In the case of the Acer notebook, rumoured to be an Aspire model with 1GB RAM and 80GB hard drive, it's a sobering thought that this computer is also rumoured to come pre-loaded with Windows Vista Home Basic. This suggests that there is room to shave at least a further $50 off the price if Acer releases a Linux version of the box.
Almost as if to confirm this, Everex has gone on the record as saying that it plans to bring a sub-$300 Ubuntu-based notebook to market early next year. Acer should take note.
And that brings us to the question of Windows. Although it would be tempting to take yet another cheap shot at Microsoft for successfully emptying our pockets for two decades, the company has actually done a fantastic job at popularising computing through Windows - much more so than Apple. Many if not most of us now know how to use mouse-driven GUI computer systems, surf the net, send emails and use basic office productivity packages.
The problem with Windows (other than its cost) is that it has become so bloated, bug ridden and malwares prone, that it requires computers with multi-core processors, multi-gigabytes of memory, dedicated graphics cards and massive amounts of storage just to provide average performance. Thus, despite Moore's Law and dropping processor prices, consumers still pay through the nose for systems that should have been commoditised a decade ago.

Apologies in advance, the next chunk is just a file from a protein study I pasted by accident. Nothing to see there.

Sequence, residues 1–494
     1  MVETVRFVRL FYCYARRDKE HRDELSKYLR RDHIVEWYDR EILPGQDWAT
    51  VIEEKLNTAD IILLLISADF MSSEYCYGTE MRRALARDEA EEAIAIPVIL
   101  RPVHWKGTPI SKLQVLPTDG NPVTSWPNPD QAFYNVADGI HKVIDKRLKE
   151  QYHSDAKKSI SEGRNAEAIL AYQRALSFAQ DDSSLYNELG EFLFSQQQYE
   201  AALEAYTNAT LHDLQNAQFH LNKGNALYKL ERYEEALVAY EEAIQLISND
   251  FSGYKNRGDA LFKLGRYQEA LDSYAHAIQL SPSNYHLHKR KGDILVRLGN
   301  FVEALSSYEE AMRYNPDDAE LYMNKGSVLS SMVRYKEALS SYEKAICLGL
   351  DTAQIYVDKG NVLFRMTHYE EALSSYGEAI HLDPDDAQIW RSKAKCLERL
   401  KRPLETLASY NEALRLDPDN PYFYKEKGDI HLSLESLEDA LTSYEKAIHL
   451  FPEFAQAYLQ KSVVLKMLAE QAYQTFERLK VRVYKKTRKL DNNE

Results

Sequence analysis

Thanks to the Internet, the open source and Linux movements, the commoditisation of computing is upon us. Google has taken the wind out of Windows sails on the Web, free open source software equivalents to costly Microsoft packages, such as OpenOffice, Evolution and The Gimp are bundled with Linux distributions and the community appears to have put up Ubuntu as the consumer Linux distro of choice.
Anyone who has played with Ubuntu will recognise that it's no more a Windows clone than Maxc OS X is a Windows clone. However, if you know how to use Windows, then you should have little trouble with Ubuntu.
The deal clincher, however, for most consumers, gamers aside, considering a pre-installed Ubuntu computer - other than the low cost - should be the fact that the systems already come pre-installed with most of the applications they already need. I won't even go into the security (and as a result further reduced cost) advantages that using Linux provides compared to Windows.
Having played with the latest version of Ubuntu (Gutsy Gibbon), I can say with a degree of confidence that it would be fairly easy to configure a plug and play system that meets the needs of most consumers using only an entry level hardware configuration. Everex has tried to do this with its $199 gPC.
The true test of whether computers have finally become consumer commodities is whether Walmart shoppers are capable of ignoring years of Microsoft marketing hype and give the Everex a try. If computing bang for your buck and worry free computing are issues, then it should be a no brainer.